The frontal brain lobes are important for planning, forming ideas, making decisions and self-control so when alcohol affects the frontal lobes, it becomes difficult to control urges, and we thus proceed to act without caution.

Exposing the central nervous system to alcohol negatively impacts a person’s coordination, awareness, and ability to make decisions, all of which are controlled by the cerebellum. This is why you see inebriated people have little or no control over their balance, no eye-hand coordination and find it difficult to function as a person.

The part of the brain in charge of storing memories, called the hippocampus, is also heavily impacted by alcohol consumption and when that happens you may have trouble remembering something you just heard or even worse you may experience a total blackout and have no recollection of the events that transpired at the time. If alcohol consumption becomes excessive and it damages the hippocampus, it may become difficult to learn and remember things in the future.

The hypothalamus is a small part of the brain that does an amazing amount of housekeeping chores which is why high blood pressure, need to urinate, thirst and hunger are all common symptoms during alcohol consumption. The body temperature and heart rate, however, decrease. This, in combination with the impairment in the functions of the medulla to control heartbeat and body temperature, can result in a condition known as hypothermia if alcohol is consumed in excess in cold weather.

Dangers of Underage Drinking

There is an astonishing amount of abuse of alcohol by underage people, and when these kids drink alcohol, they immediately become a danger to themselves and to the immediate environment and people they come in contact with. They become a danger to the police officers who come to speak to them, dangerous to the neighbors where the parties are held and dangerous to motorists on the road where they drive. Even with the best kids, the introduction of alcohol presents an opportunity for them to make very bad decisions which can negatively affect a lot of people. Alcohol affects people of all ages negatively but it is more likely for an underage person to act without caution, and it is certainly easier for the alcohol to affect them more as they haven’t yet built the tolerance levels required for them to hold their liquor. There are so many risk factors associated with underage drinking, but some of the prominent ones are as follows:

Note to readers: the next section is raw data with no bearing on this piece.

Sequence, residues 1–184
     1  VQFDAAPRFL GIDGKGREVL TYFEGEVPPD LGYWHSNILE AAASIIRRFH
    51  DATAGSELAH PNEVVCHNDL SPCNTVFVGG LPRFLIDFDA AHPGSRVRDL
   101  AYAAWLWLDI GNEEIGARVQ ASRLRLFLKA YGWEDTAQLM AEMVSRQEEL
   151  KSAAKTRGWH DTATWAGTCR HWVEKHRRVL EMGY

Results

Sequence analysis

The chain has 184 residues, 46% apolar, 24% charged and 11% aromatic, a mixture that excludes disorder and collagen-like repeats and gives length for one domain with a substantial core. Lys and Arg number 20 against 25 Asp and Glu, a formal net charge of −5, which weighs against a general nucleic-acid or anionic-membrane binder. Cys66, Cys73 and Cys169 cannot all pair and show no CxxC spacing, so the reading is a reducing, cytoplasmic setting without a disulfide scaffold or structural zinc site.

• Sexual abuse.
  • Impaired driving leading to fatal car crashes.
  • Violent behavior and aggressiveness.
  • Permanent and chronic damage to key areas of the brain.
  • Alcohol addiction.

Some Key Facts And Figures

  • According to the Arizona Youth Survey in 2008, 24% of 8th graders, 39% of 10th graders and 47% of 12th graders in Arizona have claimed that they drank alcohol at least once in the last 30 days.
  • 40% of those who start drinking before the age of 15 will become alcoholics at some point in their lifetime.
  • 1% of 15-year-olds have reported having had at least one drink in their lives.
  • Approximately 5.4 million people (about 14.2%) ages 12-20 engaged in binge drinking. (15.8% of males and 12.4% of females).

Underage Drinking Statistics

What are the statistics of underage drinking in the U.S.?

  • 1/3 of drunk driving deaths happen to 16-20 people ages 16-20 years old
  • There are about 10.8 million underage drinkers in the U.S
  • One in every 16 teenagers binge drinks
  • Only 1 in 100 parents believe that his or her teenaged child binge drinks

These facts show the level to which underage drinking is occurring and how much of a problem it poses.